©2019 by Melicacy.

Restaurant menu development tips to meet consumer expectations

November 26, 2018

 Image: Photographed by Melicacy for Hilton Auckland

 

 

The ability to understand and gratify consumers’ palates is a key factor in the success of hospitality establishments. The following is a study on the concepts of “omnivore’s paradox” and “principle of incorporation” introduced by Fischler (1988) --in relation to commercial dining sectors. Read on to find out how omnivore’s paradox can impact the way commercial chefs design their menus, and how the principle of incorporation influences consumers’ preferences in restaurants. 

 

The concepts of “omnivore’s paradox” and “principle of incorporation” introduced by Fischler (1988) play vital roles in determining consumption patterns. A persistent dilemma – to dish out inventive dishes to excite diners, or to continue serving unsurpassed favourites to please regular customers – can be observed in restaurants. Fischler attributes this to the omnivore’s paradox, described as humans’ tendency to sway between neophilia (defined as the desire for novelty) and neophobia (defined as the fear of something new). 

 

The understanding of omnivore’s paradox is crucial to deciphering what customers seek in dining establishments.  An omnivore is described as a person or animal that obtains nutrients from a variety of foods, while a paradox can be described as an innate and self-contradictory trait.  Fischler explains that humans, as omnivores, do not restrict themselves to a particular source of food.  This statement corresponds to their need for a medley of nutrients from different sources for survival.  Fischler adds that humans are able to sustain in the absence of habitually consumed foods by adapting accordingly to circumstances, making use of available foods.  This pattern of consumption can be observed in dining scenes today, where many dishes consist of a combination of protein, vegetable, and carbohydrate components, in tune with an omnivore’s needs.  As explained by Fischler, the omnivore’s paradox is an omnivore’s innate psychological conflict between the fear of unfamiliarity and risks involved, and the hankering for something novel and exciting.  These contradictions are termed neophobia and neophilia respectively (Fischler, 1988).  According to Mitchell and Hall (2003), this paradox can be further broken down into three dimensions: desiring new flavours while exhibiting apprehension towards unappealing flavours; maintaining health through a varied diet while expressing a concern of being poisoned; and sustaining life through the death of other organisms. The concepts of neophilia and neophobia can provide an explanation to some of consumers’ behaviours and choices.  Consequently, chefs can consider addressing these concerns when planning a menu.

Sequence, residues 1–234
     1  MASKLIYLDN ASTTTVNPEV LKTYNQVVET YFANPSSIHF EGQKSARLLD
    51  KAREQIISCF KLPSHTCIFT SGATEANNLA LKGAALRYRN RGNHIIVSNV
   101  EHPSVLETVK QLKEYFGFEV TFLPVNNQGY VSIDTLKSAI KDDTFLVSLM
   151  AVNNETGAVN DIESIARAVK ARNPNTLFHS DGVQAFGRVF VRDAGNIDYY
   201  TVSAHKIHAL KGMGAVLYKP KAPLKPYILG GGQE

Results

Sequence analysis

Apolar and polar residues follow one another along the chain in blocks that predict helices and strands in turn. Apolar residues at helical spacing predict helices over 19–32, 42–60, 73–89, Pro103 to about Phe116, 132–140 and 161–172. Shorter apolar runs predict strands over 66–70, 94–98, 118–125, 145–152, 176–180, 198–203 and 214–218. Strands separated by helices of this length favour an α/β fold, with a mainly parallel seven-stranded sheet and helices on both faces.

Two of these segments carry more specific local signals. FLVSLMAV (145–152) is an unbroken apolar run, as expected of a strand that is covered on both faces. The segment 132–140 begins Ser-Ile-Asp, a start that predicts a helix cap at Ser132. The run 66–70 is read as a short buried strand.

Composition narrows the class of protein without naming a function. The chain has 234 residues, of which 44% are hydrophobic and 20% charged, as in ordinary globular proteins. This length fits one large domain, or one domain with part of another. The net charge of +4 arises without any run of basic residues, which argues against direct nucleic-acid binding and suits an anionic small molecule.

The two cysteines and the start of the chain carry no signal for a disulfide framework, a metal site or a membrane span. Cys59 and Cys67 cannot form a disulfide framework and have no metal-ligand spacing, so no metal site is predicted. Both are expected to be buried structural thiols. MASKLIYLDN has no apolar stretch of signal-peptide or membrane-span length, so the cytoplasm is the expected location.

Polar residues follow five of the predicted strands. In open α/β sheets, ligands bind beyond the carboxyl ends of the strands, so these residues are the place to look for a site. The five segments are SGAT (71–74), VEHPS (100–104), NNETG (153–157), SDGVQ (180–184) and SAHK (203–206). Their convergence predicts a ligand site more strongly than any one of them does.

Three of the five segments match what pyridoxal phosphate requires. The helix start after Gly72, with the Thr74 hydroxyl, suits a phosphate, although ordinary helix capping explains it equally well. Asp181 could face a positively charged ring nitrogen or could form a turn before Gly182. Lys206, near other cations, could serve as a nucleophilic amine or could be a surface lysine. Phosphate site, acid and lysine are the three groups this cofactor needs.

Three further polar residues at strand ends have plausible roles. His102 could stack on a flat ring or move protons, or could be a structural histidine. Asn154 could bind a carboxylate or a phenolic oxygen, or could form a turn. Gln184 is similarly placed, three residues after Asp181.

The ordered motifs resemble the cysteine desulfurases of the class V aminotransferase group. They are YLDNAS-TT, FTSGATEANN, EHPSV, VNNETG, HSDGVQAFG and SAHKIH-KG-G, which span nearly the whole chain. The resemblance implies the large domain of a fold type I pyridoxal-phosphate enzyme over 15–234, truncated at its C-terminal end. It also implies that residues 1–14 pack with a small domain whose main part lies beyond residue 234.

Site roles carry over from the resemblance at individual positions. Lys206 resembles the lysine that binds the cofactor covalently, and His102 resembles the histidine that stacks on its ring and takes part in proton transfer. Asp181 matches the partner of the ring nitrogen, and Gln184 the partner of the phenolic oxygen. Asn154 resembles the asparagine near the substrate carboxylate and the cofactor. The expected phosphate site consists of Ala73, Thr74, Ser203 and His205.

Image: Photographed by Melicacy for Hilton Auckland